A typical data transmission system contains the information source from which data has to be transmitted through a suitable medium to the destination, termed the information sink. The information source can be a computer terminal, a digitized transducer output, or any other device generating a stream of bits at the rate of one bit every tB seconds.
The information rate of the system is therefore 1/tB bits/s. As shown in Fig. 18.2, the information source feeds to a source encoder which performs logic operations on the data, on the associated clock, and perhaps on past data bits as well. Hence the source encoder produces a stream of data controlling the line drivers.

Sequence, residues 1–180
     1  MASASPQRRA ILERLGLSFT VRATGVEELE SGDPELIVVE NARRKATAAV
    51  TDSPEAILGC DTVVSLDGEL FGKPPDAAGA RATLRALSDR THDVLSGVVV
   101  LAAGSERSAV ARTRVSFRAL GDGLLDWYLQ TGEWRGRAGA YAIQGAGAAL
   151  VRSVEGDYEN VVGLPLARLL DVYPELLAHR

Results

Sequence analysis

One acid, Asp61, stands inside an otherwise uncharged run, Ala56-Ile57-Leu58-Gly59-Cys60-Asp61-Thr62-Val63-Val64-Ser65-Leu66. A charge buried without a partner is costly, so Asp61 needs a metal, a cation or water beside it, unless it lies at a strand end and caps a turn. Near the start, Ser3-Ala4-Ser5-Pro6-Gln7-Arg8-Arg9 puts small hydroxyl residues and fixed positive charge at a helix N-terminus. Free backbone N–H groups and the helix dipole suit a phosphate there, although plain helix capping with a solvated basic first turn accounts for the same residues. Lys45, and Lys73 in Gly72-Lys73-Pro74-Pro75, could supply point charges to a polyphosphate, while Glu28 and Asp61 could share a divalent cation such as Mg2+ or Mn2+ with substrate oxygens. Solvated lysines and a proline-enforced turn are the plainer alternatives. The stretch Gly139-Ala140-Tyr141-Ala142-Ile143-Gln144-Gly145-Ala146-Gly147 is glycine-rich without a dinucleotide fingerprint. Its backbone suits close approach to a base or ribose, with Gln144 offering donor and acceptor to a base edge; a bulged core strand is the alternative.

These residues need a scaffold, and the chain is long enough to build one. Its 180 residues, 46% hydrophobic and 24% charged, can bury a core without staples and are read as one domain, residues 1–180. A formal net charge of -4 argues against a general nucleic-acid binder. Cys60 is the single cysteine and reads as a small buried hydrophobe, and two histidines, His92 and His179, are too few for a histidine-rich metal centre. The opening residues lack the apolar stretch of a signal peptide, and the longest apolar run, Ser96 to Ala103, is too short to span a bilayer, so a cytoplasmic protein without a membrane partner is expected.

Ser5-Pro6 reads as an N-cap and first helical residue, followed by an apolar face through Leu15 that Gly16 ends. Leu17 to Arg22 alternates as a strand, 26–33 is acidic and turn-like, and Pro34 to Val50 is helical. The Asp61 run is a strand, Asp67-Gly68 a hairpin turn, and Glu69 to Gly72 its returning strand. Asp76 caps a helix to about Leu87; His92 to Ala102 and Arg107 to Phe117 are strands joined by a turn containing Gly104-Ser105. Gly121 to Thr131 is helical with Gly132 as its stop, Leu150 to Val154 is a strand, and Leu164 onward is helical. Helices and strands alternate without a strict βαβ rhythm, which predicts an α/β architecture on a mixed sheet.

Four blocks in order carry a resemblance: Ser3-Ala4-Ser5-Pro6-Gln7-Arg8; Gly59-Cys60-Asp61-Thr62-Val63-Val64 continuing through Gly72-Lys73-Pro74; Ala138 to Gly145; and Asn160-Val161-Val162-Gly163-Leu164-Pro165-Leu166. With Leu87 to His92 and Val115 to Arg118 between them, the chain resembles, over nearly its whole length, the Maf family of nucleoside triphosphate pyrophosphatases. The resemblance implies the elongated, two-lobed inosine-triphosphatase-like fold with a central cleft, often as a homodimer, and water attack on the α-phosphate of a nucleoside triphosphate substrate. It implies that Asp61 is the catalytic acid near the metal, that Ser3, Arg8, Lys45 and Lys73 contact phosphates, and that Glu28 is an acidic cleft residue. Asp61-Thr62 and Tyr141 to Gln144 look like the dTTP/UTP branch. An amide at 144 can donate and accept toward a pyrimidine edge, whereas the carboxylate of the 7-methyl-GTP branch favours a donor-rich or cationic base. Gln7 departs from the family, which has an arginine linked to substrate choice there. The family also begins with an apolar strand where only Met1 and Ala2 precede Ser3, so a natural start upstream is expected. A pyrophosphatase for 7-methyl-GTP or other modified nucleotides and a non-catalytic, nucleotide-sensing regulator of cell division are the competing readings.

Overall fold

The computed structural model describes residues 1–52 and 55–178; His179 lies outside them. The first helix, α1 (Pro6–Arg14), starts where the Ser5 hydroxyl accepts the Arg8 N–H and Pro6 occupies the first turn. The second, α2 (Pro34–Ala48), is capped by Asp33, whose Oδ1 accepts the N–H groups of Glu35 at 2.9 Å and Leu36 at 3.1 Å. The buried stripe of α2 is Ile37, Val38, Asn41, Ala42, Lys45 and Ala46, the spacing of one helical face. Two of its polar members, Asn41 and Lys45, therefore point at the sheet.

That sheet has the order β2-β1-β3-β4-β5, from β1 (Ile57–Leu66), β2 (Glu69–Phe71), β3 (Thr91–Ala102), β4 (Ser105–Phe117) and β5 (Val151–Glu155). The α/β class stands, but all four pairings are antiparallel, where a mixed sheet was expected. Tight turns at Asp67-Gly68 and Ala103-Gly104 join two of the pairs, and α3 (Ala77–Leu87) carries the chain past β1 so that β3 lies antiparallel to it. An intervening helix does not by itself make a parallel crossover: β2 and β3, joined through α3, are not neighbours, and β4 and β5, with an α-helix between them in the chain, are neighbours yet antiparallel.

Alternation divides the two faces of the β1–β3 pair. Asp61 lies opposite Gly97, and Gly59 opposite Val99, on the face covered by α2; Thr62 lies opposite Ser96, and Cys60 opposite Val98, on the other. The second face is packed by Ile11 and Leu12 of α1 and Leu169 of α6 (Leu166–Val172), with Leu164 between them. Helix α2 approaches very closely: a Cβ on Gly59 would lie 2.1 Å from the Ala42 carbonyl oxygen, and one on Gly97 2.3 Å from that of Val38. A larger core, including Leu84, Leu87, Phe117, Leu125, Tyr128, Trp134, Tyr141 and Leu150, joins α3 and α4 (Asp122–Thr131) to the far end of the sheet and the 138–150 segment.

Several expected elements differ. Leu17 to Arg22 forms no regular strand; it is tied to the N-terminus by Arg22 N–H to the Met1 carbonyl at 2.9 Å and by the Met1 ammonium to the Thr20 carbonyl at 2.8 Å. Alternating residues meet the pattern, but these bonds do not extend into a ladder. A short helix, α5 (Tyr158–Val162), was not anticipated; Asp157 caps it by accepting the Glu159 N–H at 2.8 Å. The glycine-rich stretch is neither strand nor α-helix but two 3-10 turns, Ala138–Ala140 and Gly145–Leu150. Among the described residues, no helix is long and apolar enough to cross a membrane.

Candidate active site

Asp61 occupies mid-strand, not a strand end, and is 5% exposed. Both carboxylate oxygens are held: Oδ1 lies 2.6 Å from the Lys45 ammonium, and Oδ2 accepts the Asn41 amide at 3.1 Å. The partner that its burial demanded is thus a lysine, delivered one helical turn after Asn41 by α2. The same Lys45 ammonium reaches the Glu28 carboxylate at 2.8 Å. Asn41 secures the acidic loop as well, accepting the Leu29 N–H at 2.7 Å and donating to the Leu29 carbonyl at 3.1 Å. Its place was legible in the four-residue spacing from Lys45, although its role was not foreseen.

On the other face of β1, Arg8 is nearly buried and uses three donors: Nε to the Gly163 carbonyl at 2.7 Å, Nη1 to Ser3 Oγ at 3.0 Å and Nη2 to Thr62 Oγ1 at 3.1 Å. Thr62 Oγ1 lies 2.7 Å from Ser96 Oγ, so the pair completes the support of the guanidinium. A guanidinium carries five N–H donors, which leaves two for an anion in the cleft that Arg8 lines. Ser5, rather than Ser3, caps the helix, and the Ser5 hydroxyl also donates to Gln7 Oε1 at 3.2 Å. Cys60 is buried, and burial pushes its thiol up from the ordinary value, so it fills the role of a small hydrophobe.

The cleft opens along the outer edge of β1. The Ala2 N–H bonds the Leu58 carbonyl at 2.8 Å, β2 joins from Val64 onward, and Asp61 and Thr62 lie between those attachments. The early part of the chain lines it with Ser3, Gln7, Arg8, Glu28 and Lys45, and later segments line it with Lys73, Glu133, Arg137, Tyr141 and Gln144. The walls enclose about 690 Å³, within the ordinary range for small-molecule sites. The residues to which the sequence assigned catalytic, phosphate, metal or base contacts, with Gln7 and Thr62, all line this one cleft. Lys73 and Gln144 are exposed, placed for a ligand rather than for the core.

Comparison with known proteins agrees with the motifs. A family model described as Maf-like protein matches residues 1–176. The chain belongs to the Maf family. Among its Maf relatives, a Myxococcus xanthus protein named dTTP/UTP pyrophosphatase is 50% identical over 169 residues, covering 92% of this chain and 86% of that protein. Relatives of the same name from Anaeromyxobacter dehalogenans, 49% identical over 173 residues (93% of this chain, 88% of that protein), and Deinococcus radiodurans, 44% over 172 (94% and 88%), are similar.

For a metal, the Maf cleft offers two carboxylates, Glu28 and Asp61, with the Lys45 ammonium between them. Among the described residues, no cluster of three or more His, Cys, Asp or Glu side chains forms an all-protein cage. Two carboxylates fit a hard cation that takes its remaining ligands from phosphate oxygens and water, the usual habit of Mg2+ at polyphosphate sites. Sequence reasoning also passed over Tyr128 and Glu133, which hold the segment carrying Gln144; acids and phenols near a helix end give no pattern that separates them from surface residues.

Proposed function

The line driver interfaces the internal logic levels of the sources (TTL, MOS, etc.) with the transmission line. The transmission line in turn carries the signal produced by the line driver to the line receiver.
The line receiver makes the decision on the signal logic state by comparing the received signal to a decision threshold level, and the sink decoder performs the logic operations on the binary bit stream recovered by the line receiver.
The recovered binary data passes to the information sink, which is the destination for the information-source data.